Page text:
Fraud victims lash out at David Ross

00:57, Nov 15 2013
David Ross
SENTENCING: David Ross learns his fate in court.

The man responsible for the single biggest individual fraud in New Zealand's history has gone to jail for 10 years and 10 months.

Ross, 63, the former manager of Ross Asset Management, has pleaded guilty to five Serious Fraud Office charges.

They were false accounting and fraud and three from the Financial Markets Authority of providing a financial service when he was not registered to do so, made false or misleading statements to get authorisation as a financial adviser and supplying information to the authority that he knew to be false or misleading.

The SFO charges alleged Ross ran a Ponzi scheme, which he disguised by falsely reporting clients' investments.

Large portions of client portfolios were shown as invested through a non-existent broker 'Bevis Marks', resulting in a $380 million overstatement of investment positions.  

More than 1200 RAM (Ross Asset Management) client accounts had been affected by the scheme.

Wellington District Court judge Denys Barry ordered him to do a minimum non-parole period of half of the sentence, five years and five months.

He also made an order of reparation which would be sorted out by the receivers.

Judge Barry said Ross dealt with money that came in differently to how investors expected.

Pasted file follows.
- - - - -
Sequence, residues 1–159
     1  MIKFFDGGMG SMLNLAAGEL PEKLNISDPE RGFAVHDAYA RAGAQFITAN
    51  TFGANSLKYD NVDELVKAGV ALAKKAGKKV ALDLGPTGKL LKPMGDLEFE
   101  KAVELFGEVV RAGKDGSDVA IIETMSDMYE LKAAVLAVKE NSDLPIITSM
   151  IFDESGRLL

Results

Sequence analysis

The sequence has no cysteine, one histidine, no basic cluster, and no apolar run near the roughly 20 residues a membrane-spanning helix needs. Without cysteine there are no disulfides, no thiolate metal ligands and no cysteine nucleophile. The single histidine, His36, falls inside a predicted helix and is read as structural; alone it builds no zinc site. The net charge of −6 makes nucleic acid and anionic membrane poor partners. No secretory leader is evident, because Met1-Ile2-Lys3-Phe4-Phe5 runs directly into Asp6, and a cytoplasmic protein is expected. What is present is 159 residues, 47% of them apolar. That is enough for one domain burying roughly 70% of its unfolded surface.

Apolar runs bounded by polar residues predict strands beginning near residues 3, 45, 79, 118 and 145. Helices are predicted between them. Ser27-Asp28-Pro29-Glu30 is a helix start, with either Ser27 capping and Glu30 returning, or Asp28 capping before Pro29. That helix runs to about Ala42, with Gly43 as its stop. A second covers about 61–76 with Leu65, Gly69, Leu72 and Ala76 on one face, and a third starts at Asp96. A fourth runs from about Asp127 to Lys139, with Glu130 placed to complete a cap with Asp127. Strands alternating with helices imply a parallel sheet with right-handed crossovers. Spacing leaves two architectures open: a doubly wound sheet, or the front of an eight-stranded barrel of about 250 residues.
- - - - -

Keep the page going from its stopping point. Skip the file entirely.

"You used the funding to repay the paper profits of other of your clients.''

He said Ross stole from people who trusted him with their life savings.


"It was an enormous web of increasingly complex deceit to maintain the illusion that you were a skilled and trusted benefactor,'' 

Judge Barry said the cold hard reality was Ross was a liar and thief on a scale unprecedented in New Zealand.

He said the raw hurt in the voices of the victims who had spoken in court was palpable.

The judge said they were not corporates or faceless entities but people who Ross had  worked at keeping their trust and money.

"Your hubris has wrought incalculable harm," he said.

He acknowledged that a prison term would do little to provide solace to the victims.

Judge Barry said he accepted there were no ill-gotten gains from the money.

Instead it seemed to be a twisted form of vanity that led Ross to offending, he said.


‘‘I have never felt so devastated, empty, foolish and betrayed in my life,’’ a Ross Asset Management investor has told the man who lost his money.

‘‘May you rot in hell.’’

The investor, whose name was suppressed, was one of the victims who read out statements to the court at the sentencing of David Robert Gilmour Ross in Wellignton today.

Ross, 63, the former manager of Ross Asset Management, has pleaded guilty to five Serious Fraud Office charges.

Wellington District Court judge Denys Barry welcomed the victims to the sentencing and invited the four who had elected to read their victim impact statements.

The investor told Ross to look him in the eye.

‘‘Show some guts,’’ he told the man in the dock.

He said he felt nothing but contempt and disgust for Ross.

He had invested hoping to later do things like help his son and daughter pay off student loans.  He had even advised them to invest themselves.

The investor said he could not believe it when he heard about the collapse and that Ross could not meet his financial obligations.

‘‘You are the worst sort of person, you gained my confidence and friendship all the while acting illegally and amorally.’’ Another victim said he had felt suicidal.

A third said they had invested the money to help leave a legacy for their 14-year-old autistic son who would need care for the rest of his life.

Ross victim Bev Nicholson, 51, said ''nothing was ever going to be long enough''.